Monday, July 2, 2012

Leipzig: Napoleon's Battles
The battle for the Kolmberg on the first day of Leipzig is one of the best and most balanced scenarios for Napoleon's Battles.  I have played it a half dozen times and its always a hotly contested game, usually decided on the last turn.  This occaison proved no exception to the rule.
The Austrians and a command of Prussian cavalry start the game entering from the south edge of the table.

A polygot French Allied Army with everything from Neopolitan Cavalry to Polish Infantry march onto the board from the two western roads and race toward the low hill pictured in left center of this picture, the Kolmberg.  Victory points are achieved for control of the hill and the town to its rear, behind the small woods to the the south of the hill. The French are in march column to increase their speed, a trade-off between speed and ability to defend as units in march column are very exposed.

Scott Monteith is a talented gamer and always a challenging opponent.  He is moving forward the Austrians and Prussians as fast as possible.

The French continue to race toward the Kolmberg. The artillery is limbered and the infantry is in march column.

The Austrian horders with light cavalry in line leading the advance are approaching the other side of the Kolmberg seen at the left of the picutre.  Note the Grenzers in Brown uniforms with blue pants heading toward the wooded area.
The French change formation in order to better contest the hill.  They have changed into column from march column.  Cavalry reinforces can be seen entering from the northwestern road.  (top left)
The Austrians start up the eastern side of the hill.  The Grenzers anchor one flank on the woods and the other is anchored on the town adjacent to the hill.  The Prussian cavalry remains on the eastern flank with reinforcing Austrian infantry approaching the rear to form a second line of battle.

The French also dress their lines and allow their supports to get closer to the fray, which will commence very soon.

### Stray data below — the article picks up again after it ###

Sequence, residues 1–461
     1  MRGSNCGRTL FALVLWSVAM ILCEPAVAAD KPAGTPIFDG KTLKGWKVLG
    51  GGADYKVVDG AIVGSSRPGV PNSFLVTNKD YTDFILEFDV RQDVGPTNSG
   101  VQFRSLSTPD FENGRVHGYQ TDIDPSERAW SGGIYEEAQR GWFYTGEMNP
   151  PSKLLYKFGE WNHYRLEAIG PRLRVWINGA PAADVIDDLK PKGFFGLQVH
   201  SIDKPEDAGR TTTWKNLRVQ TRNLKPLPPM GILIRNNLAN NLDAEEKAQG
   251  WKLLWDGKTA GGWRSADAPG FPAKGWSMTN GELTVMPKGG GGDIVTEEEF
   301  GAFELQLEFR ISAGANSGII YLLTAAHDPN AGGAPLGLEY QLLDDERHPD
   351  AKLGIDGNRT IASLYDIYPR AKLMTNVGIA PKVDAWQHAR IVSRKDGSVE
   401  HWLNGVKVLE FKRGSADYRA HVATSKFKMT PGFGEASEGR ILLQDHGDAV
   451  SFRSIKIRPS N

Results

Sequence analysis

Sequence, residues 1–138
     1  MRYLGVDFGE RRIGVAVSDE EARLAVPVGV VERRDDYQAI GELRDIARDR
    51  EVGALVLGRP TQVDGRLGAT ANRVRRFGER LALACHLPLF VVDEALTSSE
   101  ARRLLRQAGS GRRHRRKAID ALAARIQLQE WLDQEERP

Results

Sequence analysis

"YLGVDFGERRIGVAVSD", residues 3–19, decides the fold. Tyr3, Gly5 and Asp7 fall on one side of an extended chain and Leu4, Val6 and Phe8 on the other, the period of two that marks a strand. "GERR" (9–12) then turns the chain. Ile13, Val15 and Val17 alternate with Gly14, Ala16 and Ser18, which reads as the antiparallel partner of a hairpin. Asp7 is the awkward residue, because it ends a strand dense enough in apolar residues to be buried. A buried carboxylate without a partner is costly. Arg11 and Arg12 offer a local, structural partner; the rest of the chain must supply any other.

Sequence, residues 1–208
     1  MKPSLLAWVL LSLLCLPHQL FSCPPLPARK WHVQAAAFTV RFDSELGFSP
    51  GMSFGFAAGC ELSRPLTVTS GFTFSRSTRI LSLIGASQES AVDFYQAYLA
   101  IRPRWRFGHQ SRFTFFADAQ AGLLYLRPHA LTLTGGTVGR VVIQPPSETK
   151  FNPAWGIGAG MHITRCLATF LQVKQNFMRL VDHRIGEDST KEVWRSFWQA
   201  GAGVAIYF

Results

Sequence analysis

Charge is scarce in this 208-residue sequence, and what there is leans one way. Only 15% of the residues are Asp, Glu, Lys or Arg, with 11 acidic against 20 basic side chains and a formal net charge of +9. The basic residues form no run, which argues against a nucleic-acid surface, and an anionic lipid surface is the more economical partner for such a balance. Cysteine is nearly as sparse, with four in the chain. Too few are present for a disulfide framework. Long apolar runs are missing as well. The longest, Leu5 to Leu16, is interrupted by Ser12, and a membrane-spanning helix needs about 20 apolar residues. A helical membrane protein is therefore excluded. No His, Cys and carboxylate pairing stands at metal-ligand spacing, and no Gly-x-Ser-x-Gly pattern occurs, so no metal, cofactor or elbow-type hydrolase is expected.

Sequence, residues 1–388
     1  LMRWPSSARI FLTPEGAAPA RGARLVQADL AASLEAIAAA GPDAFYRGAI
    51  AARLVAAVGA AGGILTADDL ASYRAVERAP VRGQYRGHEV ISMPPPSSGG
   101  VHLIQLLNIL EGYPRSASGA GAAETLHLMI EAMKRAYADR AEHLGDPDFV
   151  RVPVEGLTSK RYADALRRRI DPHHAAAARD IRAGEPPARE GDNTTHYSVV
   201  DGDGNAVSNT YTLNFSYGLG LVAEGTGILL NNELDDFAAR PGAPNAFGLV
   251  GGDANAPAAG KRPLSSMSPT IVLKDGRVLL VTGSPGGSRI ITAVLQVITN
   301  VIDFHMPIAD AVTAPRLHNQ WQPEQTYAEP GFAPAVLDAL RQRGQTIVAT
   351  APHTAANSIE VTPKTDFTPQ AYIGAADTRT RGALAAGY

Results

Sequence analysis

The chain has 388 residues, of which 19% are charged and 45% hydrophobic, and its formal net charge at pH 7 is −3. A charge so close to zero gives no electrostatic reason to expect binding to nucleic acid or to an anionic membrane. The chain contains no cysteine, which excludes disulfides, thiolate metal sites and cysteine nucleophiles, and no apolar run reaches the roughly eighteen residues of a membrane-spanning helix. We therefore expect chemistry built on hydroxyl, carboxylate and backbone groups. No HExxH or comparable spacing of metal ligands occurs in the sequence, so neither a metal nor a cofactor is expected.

Battle is joined.  The two Austrian hussars charge forward forcing a Baden and Hessian Guard unit to form square.  Note the French Dragoon unit with the yellow marker, its on react which means it can countercharge if it chooses.  This attack allows the austrians to move their artillery, jagers and grenzers onto the southern half of the hill.
Another Auustrian Hussar changes in order to pin the French Dragoons.  One of the hussar units contacts the Baden Square.  The other hits the Hessian Guard unit.
One Cavalry unit takes three hits and routs to the rear of the reinforcing Austrians.
Meanwhile to the north the Prussian landwer Cavalry forces a French infantry unit to form square, slowing their advance.  Both sides take a casualty.
The battle continues on the hill with the French Dragoons following up their victory over the Austrian Hussars by charging disordered into a limbered austrian gun and a Currasier unit. 
The battle swings back and forth, with the dragoons routing and the successful Austrian Curraisiers charging disordered into a column of their French opposite numbers - Heavy Cavalry versus Heavy Cavalry. Note the Neapolitan and French Squares formed to the north.

The Fench are victorious and pursue their retreating counterparts riding over the Austrian gun in the process. 
The Italians, Hessians and French infantry move into column to exchange fire with the Grenzers  and Jaegers to the south of the hill.
Classic Napoleon's Battles strategy, disorder your opponent with fire, then charge in the following turn.
The Grenzers pull back in hopes of averting this approach. 
Meanwhile, to the north of the hill the Prussian Cavalry and its supporting battery are assaulted by French Cavalry in column on column action.
The assualt is repulsed with casualties.  The battery has its fire effect halved.
The French cavalry routed to the rear await a commander to rally them or they may well bolt from the table.

The action heats up on the Kolmberg, with the second line of Austrians surging onto the hill.  The Austrian batteries and units seem to outnumber the French for the moment.
But the battles momentum swings again as the French push up additional units and the Hessian guard send the Austrians back off the hill.
The Prussian cavalry strike at the left most French column and are in turn hit by reacting French cavalry.
Once again fire combat leads to an assault on a disordered unit.  The French units on the southern side of the hill hit the disordered Austrian line. 
The French cavalry charges the disordered Austrian battery, forcing the supporting infantry to form square.
Finally the reinforcing Russian cavalry unit arrives and cossacks countercharge the French draggons which have just ridden down the Austrian guns.  The French have pushed the Austrians back to the edge of the hill. 
South of the woods the rallied Austrian hussars stand off the charging French cavalry to hold the town to the south of the hill.

The final scene on the Kolmberg.  The Austrians cling to the eastern edge of the hill.  The French have cleared the balance.  Russian Cossack and Russian Hussars have arrived at last but don't appear to have the opportunity to play a role in the outcome. 
The final scene from the French perspective.  They may well have cleared the balance of the hill.  But they are not in any position to maintain it.  A close fought game ending in a minor Austrian victory. 

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